Although minivans are popular with older purchasers, their core market is parents who use incredibly versatile cars to transport their children to various activities, school, and family road vacations.
Most parents want to drive the safest vehicles they can afford, which probably goes without saying, and most likely believe minivans are good options.
What product targeted at families could not be? So, the Honda Odyssey, Chrysler Pacifica, Toyota Sienna, and Kia Carnival are the four minivan models still on the market in America, according to a new test created by the Insurance Institute for Highway Safety (IIHS). The outcomes weren’t exactly fantastic.
In the IIHS’s moderate overlap frontal impact test, none of the four minivans received a grade considered passing, either an acceptable or good rating.
Instead, they received a “moderate” or, in the case of the Honda, a “poor” rating for rear-seat safety, which assesses the amount of head movement and impact forces on dummies in the second-row seats.
In light of improvements in front-seat safety over time, IIHS recently altered its rear-seat testing processes, which is why these new scores are now available. As stated by IIHS, this isn’t because the back seats became “less safe” because data indicated that the risk of fatal injury in a crash was now higher in the rear seat than in the front.
Simply put, they are currently less secure than the front seats. In the test, a dummy roughly the age of a 12-year-old is buckled up in the back seat, and IIHS uses sensors to assess the risk of harm during the collision. As per IIHS:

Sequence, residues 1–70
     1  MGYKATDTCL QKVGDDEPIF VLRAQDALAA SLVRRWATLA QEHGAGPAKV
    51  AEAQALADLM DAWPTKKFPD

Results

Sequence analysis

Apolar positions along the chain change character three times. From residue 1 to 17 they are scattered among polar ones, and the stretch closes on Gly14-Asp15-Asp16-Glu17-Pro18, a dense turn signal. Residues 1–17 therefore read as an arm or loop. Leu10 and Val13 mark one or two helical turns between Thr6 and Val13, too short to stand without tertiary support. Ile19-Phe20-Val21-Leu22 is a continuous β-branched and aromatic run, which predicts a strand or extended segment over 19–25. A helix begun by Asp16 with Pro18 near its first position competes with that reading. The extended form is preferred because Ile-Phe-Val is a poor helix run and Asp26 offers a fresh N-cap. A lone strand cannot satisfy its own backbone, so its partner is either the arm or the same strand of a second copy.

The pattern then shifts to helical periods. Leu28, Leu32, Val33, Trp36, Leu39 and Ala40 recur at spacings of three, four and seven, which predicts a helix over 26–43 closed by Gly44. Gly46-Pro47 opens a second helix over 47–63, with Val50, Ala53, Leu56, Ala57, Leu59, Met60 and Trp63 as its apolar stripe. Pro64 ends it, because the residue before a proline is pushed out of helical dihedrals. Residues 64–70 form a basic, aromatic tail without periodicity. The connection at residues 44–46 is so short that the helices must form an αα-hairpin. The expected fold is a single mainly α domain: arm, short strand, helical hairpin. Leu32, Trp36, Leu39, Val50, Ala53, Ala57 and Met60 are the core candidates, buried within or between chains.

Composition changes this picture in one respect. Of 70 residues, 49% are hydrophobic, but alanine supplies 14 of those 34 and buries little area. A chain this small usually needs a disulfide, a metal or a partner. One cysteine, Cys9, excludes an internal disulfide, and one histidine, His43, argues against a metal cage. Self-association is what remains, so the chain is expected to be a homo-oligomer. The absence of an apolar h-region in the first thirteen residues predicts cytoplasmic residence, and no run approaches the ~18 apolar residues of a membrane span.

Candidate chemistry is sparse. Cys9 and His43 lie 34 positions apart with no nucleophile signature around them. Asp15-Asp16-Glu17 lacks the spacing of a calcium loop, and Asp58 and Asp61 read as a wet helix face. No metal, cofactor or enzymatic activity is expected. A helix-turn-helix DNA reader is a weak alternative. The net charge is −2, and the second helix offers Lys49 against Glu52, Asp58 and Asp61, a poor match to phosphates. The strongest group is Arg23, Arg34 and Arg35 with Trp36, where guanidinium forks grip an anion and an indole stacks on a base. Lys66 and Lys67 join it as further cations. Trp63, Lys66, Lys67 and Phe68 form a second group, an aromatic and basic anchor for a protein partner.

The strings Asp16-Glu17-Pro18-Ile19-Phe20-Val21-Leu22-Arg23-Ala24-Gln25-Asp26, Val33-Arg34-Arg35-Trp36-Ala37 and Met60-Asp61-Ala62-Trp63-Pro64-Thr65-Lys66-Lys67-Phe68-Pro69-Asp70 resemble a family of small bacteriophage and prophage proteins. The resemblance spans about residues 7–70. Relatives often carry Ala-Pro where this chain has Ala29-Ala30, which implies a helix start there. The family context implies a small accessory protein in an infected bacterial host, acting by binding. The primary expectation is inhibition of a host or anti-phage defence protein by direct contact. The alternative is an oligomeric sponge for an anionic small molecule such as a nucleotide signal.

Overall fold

“According to the second-row dummy’s findings, there must be an excessive danger of head, neck, chest, or thigh injuries for a vehicle to receive a satisfactory rating. The dummy should not “submarine” or slide forward behind the lap belt, which increases the risk of stomach injuries during the collision.
The shoulder belt should stay on the shoulder, where it is most effective, and the head should remain safe from the front seatback and the rest of the inside of the car. The position of the shoulder belt during the crash is checked using a pressure sensor on the torso of the rear dummy.”
The minivans performed poorly across the board but poorly in the belt positioning test. According to IIHS Vice President of Vehicle Research Jessica Jermakian, “The restraint systems in all four vehicles leave the second-row occupant vulnerable to chest injuries, either due to excessive belt forces or poor belt-positioning,” adding that this is worrisome because such injuries may be fatal.
To be clear, the driver’s safety was rated highly for each of the four minivans. However, the backseat passengers received mixed ratings. The Pacifica’s side curtain airbag did not activate, and the Pacifica and Carnival applied too much force to the occupant’s chest during the collision.
The Sienna’s back seat passengers submarined from under their lap belts (the industry phrase). The neck, head, and chest of the passenger in the back seat of the low-scoring Honda were subjected to considerably greater stresses.
So, parents considering minivans should know they could use some safety improvements. We couldn’t have said it better than IIHS, which states, “Parent-friendly minivans should have the safest second-row seating on the market.”